Syncthing is a way to keep things up-to-date across machines without going through any 3rd party servers. You get both backup and file synchronization without pesky servers just using the computer capacity you probably already have laying around. Lets give it a spin.
Installation on Debian
On the Getting Started page of syncthing they recommend using a GUI package, but we're going to install on debian on the command line.
This installs both the syncthing binary as well as the systemd configuration file.
Now we can start it up pretty easily.
Since I'm running in a container, I needed to change the GUI listen address. Edit
~/.config/syncthing/config.xml and change the
<gui><address> entry to be 0.0.0.0:8384 instead of 127.0.0.1, and then restart.
Now go to locahost:8384 and you should be see the WebUI. It should also give you a warning and opportunity to set a username and password, so go ahead and set one up. Also might as well use HTTPS because why not.
This technique would also work if you installed it remotely.
Adding your phone
If you are using Android, lets install the Syncthing Android App from the Play Store. I'm not sure if there's an iOS build, but I doubt it would be super useful anyway since Apple locks things down into their own ecosystem that's doesn't play very nicely with others. You might be able to use it for storage though.
Once installed it will prompt you for permissions. Grant it
Now lets add the two machines together. On your computer, go to "Actions -> Show Device ID"
On the phone, go to the devices tab, and then press the + on the top right, and scan in the QR code from the computer. Give it a name, and also turn on "Introducer" which will make it easier to further add nodes into your network.
Give the system a few minutes to talk with each other, and eventually you'll see a window that will ask if you want to pair.
Note that these Device IDs are OK to share since you need you need to setup a two way connection between the devices to actually do anything. Discovery and relay servers for example know about device IDs, so they aren't the private ones that you really need to keep secure. I'm not an expert on this but this is what I understand.
One handy use case is to sync all mobile downloads to your laptop. If you've ever clicked on a PDF and tried to read it on the phone and gone through that pain, it's nice to be able to have that stuff on your laptop with a bigger monitor. This makes it easy to clean out the downloads on your phone if you end up with too much junk there – simply move it out of the folder on you laptop and syncthing will remove it from the phone. Lets add that now.
Folders tab and press the + button on the top right. Name it something like "Mobile Downloads", and then select the Downloads folder. It will prompt for permission like so:
And you'll end up with something like
Once you press the check, it will start syncing to your laptop. If you've selected AutoAccept it will immediately start syncing, otherwise you will get a prompt on the web interface to see if that's really what you want to do.
It's useful to accept manually rather than automatically since that will give you an opportunity to decide where you want the directory named. If you choose automate it will be the cloud name not human readable, and I'm not sure how to change it after.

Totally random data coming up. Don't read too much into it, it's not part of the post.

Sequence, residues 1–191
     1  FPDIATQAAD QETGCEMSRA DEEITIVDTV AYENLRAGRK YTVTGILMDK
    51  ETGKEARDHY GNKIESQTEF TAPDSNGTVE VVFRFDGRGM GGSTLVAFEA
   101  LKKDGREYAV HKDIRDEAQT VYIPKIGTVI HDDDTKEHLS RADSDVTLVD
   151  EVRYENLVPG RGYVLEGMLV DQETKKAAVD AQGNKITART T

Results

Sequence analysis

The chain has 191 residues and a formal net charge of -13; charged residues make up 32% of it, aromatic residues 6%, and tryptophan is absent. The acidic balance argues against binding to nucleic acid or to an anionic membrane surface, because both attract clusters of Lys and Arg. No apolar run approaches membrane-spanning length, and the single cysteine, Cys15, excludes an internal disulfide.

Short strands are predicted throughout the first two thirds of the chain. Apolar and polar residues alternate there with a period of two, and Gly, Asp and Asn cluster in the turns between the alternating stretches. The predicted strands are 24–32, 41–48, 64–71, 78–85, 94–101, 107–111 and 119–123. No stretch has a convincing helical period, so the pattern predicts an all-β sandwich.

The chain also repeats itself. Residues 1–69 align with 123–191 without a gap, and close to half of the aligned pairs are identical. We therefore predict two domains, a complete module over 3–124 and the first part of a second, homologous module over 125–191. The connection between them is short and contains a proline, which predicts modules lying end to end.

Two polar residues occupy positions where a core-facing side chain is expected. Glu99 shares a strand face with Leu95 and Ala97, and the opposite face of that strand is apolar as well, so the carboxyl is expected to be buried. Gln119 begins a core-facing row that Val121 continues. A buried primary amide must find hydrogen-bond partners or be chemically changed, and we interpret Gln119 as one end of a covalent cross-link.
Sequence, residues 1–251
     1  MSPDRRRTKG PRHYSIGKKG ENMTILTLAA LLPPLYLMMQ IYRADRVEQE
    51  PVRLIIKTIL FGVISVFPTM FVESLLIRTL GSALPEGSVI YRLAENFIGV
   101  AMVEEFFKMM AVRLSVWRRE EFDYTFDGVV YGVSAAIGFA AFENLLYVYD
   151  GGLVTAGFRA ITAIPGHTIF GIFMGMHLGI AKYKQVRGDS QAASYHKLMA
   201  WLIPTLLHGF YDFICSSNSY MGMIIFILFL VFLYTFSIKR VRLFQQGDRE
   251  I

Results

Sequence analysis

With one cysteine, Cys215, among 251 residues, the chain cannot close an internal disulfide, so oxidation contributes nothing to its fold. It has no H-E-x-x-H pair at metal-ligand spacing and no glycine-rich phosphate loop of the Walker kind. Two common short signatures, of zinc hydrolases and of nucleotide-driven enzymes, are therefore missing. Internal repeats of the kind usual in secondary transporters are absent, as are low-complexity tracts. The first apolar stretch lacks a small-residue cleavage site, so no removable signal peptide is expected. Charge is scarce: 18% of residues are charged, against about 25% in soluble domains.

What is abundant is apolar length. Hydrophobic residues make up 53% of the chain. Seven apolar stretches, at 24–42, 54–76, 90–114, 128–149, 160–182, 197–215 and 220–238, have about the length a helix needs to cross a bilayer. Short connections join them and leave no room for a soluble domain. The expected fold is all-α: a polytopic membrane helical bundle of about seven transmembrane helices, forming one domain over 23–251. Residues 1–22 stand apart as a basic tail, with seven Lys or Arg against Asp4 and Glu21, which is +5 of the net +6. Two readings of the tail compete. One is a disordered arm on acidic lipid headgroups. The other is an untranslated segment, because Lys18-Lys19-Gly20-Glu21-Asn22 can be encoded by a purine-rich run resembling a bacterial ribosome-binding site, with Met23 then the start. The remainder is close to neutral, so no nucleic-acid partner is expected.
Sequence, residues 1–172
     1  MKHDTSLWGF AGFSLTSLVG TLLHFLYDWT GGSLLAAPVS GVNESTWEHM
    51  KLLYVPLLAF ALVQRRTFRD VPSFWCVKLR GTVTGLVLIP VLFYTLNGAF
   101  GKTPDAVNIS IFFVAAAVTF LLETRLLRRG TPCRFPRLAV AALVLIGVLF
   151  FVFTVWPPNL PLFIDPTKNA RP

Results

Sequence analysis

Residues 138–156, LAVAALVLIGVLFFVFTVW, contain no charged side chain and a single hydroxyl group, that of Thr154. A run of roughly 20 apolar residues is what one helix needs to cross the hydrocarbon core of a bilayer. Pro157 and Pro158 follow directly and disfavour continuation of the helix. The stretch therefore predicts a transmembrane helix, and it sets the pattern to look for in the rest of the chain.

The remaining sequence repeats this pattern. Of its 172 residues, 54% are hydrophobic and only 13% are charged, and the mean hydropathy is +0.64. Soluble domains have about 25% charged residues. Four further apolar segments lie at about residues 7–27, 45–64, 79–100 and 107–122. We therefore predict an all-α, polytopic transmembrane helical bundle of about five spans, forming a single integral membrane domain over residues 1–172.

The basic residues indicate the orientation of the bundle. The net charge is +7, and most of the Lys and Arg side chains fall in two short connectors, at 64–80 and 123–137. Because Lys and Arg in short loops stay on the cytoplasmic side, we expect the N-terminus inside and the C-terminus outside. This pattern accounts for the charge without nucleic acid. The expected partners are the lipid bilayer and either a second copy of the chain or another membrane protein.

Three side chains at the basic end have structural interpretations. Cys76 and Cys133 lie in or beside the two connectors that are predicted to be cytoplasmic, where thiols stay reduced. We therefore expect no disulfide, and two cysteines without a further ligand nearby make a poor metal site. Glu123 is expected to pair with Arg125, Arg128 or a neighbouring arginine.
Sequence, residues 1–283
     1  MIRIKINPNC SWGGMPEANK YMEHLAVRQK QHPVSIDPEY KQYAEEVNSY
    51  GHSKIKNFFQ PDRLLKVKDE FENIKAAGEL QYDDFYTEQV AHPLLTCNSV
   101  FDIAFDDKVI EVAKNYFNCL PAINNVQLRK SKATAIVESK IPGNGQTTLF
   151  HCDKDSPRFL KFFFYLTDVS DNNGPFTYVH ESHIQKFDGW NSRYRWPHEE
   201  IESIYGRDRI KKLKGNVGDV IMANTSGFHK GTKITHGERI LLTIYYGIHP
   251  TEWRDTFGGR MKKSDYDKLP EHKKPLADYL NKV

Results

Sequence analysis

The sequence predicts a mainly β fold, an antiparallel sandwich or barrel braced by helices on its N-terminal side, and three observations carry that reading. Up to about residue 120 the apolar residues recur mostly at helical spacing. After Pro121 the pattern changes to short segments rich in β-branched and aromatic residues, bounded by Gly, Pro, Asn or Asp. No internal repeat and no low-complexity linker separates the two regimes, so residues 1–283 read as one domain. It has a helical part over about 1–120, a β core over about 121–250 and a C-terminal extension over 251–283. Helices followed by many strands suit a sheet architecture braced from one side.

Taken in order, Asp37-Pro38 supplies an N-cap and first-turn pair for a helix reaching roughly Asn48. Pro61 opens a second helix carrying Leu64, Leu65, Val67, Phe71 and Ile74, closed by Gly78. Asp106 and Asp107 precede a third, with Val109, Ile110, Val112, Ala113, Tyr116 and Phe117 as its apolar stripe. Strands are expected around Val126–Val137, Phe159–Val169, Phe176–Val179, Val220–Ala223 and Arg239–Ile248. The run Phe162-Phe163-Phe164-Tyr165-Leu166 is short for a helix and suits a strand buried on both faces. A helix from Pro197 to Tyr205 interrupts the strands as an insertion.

I'm an org-mode convert and I wanted a way to sync up my
~/org directory to the phone. Lets do that.
On the computer, go to the WebUI and select Add Folder. On first screen give it a name, and the right path. Select the phone device that you want to use and go to the
Ignore Patterns pane. Since this is emacs, we don't need to sync any of the temporary files over.
Now that we've added it, we need to go to the phone an accept. Go back to the syncthings app on the phone, and in the hamburger menu select "Show WebUI". You'll get this dialog:
Add and there you go.
I also sync my
.emacs.d folder to the phone, mainly for backup purposes. One thing is to be aware of is that you don't want to sync permissions, since Android loses those and the reverse sync will potentially reset what you have.
Orgzly is an Android app that knows about .org files. Now that we've set the sync of our
org directory on the mobile phone's local directory, setting a local sync in a breeze to pull in whatever files you need to see. I mean, not much to say here really you've already got the folder.
.emacs.d folder synced from my laptop. Since this is a Chromebook, I don't like to have anything "permanent" on it, and this is a nice way to get everything back when I wipe it compared to checking things into github. This goes to the phone purely for backup.
Downloads synced from the phone, which is mostly downloading PDFs and occasionally programming books. Everything gets pushed to the laptop, which I then move out of that folder into an archive.
reading which is that archive, where I have long form books and other paper and articles in there. I use
pdf-tools in emacs to read and make annotations directly in the books, which is handy.
willschenk.com which is managed by
git and stored in github, and published on github pages. Here, having commits and discrete chunks of changes makes sense. Since I only work on this on one computer at a time, it's not as important to keep it published, but if I go back to having a work computer I think adding this into syncthing makes sense.
So far I'm very impressed with the level of polish that syncthing has. It's a little cumbersome to figure out how to set it up, but once set up it just seems to work. I have more confidence now that if my laptop blew up I'd be able to get everything cleaned up faster. I still have a bunch of legacy archival stuff on my personal Dropbox that would be too much to store on the phone without putting in a SD card – which might make sense to do. With that my personal storage cloud would have most of what I'd need.